Why was Don Carlos so grumpy with us?
We moved from his choice of ludicrous
to a bigger table far from the door,
where tapas plates wouldn’t fall to the floor.
A small surface means crocks are not stable.
He should put a cake-stand on each table.
The food was fine, well, three out of four.
The chickpea with spinach got my top score,
while the omelette with prawns and garlic greens
was cooked just right. So too the sardines.
But the roast veg had been stewed unto death,
smothered with passata as its last breath.
Why were you so grumpy with Don Carlos?
Because at the time to say adios
a more expensive wine was on our bill
and ten percent that would go in his till.
It wasn’t pleasant arguing our case
with the Don who conceded with bad grace.
It was the last Friday before Christmas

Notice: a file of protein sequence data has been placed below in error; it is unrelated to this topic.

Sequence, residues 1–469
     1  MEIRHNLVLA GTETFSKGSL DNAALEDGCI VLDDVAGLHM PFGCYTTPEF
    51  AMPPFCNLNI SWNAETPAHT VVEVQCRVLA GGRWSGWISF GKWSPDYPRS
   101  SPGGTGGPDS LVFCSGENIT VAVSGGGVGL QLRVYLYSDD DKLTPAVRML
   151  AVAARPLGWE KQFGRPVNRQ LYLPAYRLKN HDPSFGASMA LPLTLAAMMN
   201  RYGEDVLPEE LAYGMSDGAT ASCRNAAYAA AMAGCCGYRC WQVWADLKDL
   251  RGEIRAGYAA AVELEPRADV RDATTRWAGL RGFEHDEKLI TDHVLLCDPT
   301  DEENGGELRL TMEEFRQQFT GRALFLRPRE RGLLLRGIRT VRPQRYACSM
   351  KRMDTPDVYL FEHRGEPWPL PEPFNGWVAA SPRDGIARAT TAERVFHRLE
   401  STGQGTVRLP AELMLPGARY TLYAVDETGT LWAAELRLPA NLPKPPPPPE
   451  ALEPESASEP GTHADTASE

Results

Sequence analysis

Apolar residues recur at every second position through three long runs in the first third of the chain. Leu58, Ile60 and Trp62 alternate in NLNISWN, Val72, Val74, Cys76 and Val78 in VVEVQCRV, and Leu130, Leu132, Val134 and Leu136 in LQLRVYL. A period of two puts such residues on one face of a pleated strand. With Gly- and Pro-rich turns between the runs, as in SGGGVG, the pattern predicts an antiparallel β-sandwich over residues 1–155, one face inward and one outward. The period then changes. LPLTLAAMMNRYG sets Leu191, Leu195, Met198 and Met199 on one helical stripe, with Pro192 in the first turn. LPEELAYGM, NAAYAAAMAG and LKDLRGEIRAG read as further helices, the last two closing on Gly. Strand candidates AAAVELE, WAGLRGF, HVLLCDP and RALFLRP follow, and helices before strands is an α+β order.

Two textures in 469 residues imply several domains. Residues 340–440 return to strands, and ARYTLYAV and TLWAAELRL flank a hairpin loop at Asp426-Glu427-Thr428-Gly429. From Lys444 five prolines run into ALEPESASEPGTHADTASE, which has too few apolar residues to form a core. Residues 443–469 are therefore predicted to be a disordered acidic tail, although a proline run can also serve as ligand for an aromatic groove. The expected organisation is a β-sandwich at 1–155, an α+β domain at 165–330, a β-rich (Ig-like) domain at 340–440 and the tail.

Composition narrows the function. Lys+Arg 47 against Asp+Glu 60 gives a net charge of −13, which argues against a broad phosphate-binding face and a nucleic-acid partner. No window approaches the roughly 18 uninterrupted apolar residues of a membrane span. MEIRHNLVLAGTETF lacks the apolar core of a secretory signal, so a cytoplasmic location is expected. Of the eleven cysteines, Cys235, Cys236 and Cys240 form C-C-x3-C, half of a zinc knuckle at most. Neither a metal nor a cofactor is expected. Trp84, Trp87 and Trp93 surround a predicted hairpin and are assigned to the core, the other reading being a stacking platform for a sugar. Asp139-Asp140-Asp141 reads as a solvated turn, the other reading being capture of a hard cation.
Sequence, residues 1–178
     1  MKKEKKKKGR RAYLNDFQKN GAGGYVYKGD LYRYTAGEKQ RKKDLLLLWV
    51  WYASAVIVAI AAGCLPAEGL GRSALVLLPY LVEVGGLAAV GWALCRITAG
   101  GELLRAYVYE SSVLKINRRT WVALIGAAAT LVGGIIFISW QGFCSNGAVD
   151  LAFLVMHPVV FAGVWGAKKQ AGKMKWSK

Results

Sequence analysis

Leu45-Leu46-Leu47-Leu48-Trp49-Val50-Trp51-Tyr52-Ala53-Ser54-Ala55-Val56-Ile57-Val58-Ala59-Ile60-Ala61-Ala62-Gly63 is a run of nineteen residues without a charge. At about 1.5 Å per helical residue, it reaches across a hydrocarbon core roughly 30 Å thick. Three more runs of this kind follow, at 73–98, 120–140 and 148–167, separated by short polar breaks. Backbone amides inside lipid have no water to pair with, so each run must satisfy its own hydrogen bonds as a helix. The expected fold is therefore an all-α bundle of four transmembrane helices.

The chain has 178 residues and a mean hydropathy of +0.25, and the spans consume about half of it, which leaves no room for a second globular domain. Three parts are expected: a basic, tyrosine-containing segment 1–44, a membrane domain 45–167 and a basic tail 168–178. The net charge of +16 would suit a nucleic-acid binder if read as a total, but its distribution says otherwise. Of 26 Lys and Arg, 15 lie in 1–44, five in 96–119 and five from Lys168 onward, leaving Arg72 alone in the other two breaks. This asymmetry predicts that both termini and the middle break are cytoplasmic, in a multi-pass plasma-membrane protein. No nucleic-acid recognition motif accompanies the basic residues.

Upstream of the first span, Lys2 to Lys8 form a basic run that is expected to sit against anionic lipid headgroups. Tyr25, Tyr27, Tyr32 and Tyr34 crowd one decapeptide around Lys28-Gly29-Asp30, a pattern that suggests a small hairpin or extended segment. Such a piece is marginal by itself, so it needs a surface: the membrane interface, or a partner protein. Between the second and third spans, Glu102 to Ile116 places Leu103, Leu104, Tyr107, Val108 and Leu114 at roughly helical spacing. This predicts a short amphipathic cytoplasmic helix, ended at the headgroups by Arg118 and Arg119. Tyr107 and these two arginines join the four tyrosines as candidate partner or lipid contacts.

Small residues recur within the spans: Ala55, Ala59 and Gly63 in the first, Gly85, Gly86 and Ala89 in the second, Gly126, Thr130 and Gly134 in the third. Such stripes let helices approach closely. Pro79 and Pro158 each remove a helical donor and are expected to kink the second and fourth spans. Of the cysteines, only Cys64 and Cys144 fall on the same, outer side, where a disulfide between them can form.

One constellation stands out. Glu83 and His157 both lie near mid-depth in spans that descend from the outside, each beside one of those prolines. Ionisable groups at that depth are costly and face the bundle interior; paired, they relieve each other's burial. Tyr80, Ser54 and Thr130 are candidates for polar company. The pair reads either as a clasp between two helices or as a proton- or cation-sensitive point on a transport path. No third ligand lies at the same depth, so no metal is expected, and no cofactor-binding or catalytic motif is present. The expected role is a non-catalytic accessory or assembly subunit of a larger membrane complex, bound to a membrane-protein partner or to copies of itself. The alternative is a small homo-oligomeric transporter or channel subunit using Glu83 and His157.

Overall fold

and the lengthy lunch break was near ended,
when two travellers sought shelter and food.
But the Apulia boss shook his head,
“There is no room. We have nowhere for two.”
They were standing by an empty table.
“This one,” they said. “A group of three might come.” +++The two sat down. Served with friendly banter +++they watched diners depart and none enter.
The warm efficiency of the servers
could not elevate the dishes and drink
to the expectations from the prices.
The eighteen pound house wine was diddly-squat.
The six tiny bread rings, came with the wine,
but with only one down the mains were served. +++The pasta pile in mud was a dismay +++while the vegan pizza was just okay.
A sure sign of greed in a management
is when Service Charge is stuck on the bill.
Twelve and a half percent in this instance.
The Catholic church demanded only ten
and was offering eternal salvation
(T&C apply). All very feudal. +++So, it was coins to the serfs who’d been nice +++though Apulia’s bland fare has a grand price.